Call the Market

Understanding 'Placements' in the Cattle on Feed Report

ShayLe Stewart
By  ShayLe Stewart , DTN Livestock Analyst
Numbers don't mean anything unless they have something to be compared to or referenced from. (Chart by DTN Prophetx)

"Dad, I just don't understand. How can they call the Cattle on Feed report neutral when placements were up 10%? I mean, I'm thankful, it beats the alternative bearish beatdown that kills fat cattle prices and shackles the prosperity and outlook of the feeder cattle market, but 10%? I sometimes get nervous when they say anything on the report could be upward of 3% to 4% higher," woefully explained Feedin'-for-Gold Junior.

"Well, you see son, everything in life should be viewed as a potential tool. But I can see by your red cheeks, shortness of breath and wrinkled forehead that you're going to make a fine cattleman, or that pen 43 just broke out of the north corner again?! But, you see son, cattlemen must be brave enough to blaze a new trail, willing to wait out any market and always be ready to ask the tough questions. But just when you think you have things figured out, the cattle market has a funny way of keeping you humble and keeping you on your toes," calmly explained Feedin'-for-Gold Senior.

I think most cattlemen would agree this market does more than just keep one humble and on their toes. And I think taking the time to put the last Cattle on Feed report into perspective is essential, because Feedin'-for-Gold Junior isn't wrong -- it's hard to understand how placements being up 10% can be viewed as neutral if not put into the proper perspective.

Last Friday, USDA released the November Cattle on Feed report, which shared that cattle/calves on feed were up 1%, placements were up 10% and marketings were down 1%. Before the report was unveiled, analyst projections guessed placement numbers to be anywhere from 10% to 20% higher. Hearing such projections had many cattlemen at the edge of their seats to see what Friday revealed. If the report would have shown placements to be up the monstrous 20%, you can bet your bottom dollar futures would have been depressed and cattlemen would have been drinking the Thanksgiving wine a week early, straight out of the bottle. Nevertheless, because the report shared that placements were only up 10% compared to the possible 20%, it ended up being a pleasant bullish surprise.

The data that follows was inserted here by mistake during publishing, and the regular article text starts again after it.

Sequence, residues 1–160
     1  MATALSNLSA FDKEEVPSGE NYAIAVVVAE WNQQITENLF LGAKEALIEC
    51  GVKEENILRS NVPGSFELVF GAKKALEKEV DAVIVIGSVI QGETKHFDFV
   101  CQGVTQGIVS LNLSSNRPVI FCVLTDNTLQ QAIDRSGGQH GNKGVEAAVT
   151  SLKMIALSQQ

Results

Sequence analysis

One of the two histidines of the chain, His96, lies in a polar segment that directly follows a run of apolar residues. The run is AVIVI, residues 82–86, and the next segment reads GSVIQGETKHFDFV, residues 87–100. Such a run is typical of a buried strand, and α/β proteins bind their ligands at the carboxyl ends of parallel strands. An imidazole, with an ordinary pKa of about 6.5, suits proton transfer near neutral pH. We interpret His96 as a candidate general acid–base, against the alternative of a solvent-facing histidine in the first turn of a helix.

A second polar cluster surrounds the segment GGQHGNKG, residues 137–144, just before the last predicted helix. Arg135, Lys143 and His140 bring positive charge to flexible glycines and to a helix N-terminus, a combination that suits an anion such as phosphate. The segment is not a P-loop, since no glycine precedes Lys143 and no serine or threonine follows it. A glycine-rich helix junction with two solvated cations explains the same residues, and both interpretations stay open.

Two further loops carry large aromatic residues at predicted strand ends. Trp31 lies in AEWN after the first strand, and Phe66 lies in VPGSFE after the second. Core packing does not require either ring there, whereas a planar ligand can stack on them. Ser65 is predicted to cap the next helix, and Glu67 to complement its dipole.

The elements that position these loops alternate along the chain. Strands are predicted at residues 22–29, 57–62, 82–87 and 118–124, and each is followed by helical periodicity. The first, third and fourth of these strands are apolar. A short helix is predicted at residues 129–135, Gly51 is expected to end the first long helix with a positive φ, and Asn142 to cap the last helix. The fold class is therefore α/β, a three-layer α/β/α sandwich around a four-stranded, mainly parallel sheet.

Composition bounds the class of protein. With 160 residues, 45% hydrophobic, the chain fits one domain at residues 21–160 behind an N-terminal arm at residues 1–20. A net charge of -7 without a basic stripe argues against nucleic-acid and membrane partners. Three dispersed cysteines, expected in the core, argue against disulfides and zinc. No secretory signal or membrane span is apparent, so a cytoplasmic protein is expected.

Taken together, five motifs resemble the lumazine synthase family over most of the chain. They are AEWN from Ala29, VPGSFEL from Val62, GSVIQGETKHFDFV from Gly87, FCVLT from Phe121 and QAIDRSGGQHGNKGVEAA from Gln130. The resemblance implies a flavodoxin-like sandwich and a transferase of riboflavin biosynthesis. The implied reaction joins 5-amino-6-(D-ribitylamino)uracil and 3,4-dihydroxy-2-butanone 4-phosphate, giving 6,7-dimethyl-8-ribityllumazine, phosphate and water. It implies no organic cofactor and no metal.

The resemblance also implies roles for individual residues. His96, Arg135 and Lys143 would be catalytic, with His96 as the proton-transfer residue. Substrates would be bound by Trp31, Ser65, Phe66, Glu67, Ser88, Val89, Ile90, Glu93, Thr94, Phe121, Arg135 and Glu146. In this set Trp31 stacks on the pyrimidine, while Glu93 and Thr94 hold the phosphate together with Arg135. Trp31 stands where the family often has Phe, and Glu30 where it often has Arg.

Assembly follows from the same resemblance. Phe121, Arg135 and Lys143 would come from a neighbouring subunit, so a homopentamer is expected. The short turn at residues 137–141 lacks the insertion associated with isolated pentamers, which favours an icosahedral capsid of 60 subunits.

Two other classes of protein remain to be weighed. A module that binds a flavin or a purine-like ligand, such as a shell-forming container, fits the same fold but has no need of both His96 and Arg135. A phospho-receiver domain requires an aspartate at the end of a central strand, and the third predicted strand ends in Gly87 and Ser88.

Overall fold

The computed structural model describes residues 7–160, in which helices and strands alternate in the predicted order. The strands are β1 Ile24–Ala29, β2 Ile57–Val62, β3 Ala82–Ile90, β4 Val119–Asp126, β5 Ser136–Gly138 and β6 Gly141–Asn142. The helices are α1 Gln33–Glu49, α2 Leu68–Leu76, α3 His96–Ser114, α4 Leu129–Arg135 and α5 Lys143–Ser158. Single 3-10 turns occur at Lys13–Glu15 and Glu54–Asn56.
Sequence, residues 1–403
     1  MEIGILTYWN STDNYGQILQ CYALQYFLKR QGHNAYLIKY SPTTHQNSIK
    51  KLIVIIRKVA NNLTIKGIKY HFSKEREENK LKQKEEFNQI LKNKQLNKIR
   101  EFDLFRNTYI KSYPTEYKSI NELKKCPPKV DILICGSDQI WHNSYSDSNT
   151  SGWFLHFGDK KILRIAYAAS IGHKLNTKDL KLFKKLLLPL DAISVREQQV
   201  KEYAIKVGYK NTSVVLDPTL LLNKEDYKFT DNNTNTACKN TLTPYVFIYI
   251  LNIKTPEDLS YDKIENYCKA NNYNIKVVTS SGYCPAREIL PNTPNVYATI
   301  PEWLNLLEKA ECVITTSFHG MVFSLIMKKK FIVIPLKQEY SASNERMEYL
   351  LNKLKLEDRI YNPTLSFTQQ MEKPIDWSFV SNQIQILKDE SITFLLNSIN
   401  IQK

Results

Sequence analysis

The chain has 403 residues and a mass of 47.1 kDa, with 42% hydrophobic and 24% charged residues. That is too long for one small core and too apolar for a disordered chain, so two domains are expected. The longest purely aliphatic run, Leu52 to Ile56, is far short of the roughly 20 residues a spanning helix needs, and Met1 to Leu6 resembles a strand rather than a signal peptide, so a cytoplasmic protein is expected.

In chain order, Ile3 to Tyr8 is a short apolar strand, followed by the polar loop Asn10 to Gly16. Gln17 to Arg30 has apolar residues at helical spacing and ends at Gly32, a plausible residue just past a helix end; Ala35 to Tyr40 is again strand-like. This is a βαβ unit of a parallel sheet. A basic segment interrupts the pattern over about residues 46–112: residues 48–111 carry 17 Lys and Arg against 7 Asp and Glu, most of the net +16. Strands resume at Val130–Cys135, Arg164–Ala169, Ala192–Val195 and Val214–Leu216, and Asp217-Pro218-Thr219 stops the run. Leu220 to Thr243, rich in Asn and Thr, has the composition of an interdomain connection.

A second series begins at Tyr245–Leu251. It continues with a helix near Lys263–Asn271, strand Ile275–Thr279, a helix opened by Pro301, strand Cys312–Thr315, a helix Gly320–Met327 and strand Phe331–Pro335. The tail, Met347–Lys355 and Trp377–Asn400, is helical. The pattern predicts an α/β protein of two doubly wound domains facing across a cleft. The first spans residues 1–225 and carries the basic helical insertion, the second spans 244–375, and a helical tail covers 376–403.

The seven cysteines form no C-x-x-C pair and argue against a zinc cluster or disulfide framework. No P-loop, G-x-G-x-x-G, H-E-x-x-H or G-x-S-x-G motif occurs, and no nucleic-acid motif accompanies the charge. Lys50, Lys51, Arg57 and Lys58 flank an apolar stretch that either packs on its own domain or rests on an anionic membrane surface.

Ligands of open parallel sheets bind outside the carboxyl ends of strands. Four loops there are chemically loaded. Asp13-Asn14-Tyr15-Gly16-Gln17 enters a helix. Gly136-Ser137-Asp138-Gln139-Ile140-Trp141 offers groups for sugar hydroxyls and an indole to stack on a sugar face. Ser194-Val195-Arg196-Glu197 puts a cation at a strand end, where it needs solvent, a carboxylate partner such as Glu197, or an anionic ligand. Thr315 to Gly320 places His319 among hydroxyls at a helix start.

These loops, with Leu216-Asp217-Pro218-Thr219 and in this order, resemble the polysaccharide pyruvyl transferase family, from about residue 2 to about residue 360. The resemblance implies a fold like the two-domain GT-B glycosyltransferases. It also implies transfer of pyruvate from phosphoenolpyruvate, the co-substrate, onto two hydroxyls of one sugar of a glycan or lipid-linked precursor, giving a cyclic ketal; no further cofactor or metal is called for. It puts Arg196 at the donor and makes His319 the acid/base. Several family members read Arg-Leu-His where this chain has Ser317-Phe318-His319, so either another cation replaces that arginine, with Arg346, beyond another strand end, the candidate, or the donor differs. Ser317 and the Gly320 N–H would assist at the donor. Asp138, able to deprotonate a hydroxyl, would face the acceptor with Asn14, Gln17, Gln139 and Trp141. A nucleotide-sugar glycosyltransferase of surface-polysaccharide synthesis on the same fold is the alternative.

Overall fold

It's important to understand what the placement sector represents on the Cattle on Feed report. "Placements" are cattle that are put into a feedlot with the intention to be fed a concentrated ration to later be slaughtered for quality meat. There are a couple of key factors that make the jump in placement figures make sense. First, this summer offered longer grazing periods. Cattlemen were able to graze pastures they haven't been able to graze in years because of the abundance of grass and rejuvenated water sources. Secondly, cattlemen were leery of this fall's feeder cattle market due to the uncertainly around the Tyson packing plant fire. The fire sent the market into utter chaos and no way in hell were cattlemen going to be selling their calves for a guaranteed loss at that time. Most opted to sit the initial sales out in order to give the market time to sort out what had happened. Thirdly, placement figures have been trending lower for nearly four months. June's placements were down 3%, July placements were down 2%, August placements were down 2%, September placements were down 9% and October placements were up 2%. The last time placement figures were down for more than four consecutive months was in the summer of 2014 when placement figures were down from April 2014 all the way until September 2014. With placement figures down for four months in 2019, it only makes sense that at some point those cattle had to trade hands and be sold.

So, to answer Feedin'-for-Gold Junior's question, the lofty placement figures being up 10% can be viewed as bullish/neutral because we know what's happening in today's market. Cattlemen have held onto their calves longer and finally they traded hands and walked into feedlots. Before you jump up and down and scream that the report was either bullish, neutral or bearish, you must first step back and assess the cattle market for what it is and what it isn't. Numbers don't mean anything unless they have something to be compared to or referenced from. Just like good seed-stock breeders are leery of single-trait selecting, cattlemen need to be plugged in and use tools, such as the USDA Cattle on Feed report, but they must know that's all it is -- a simple tool.

Cattlemen know their market better than anyone else. They live it, breathe it, profit from it from and lose money from it. A mentor of mine once said if you're in a situation where something doesn't make sense, don't get caught up in the fine details of one single report -- look big, look broader and more times than not your answers come from there.

ShayLe Stewart can be reached at ShayLe.Stewart@dtn.com

(AG)

ShayLe Stewart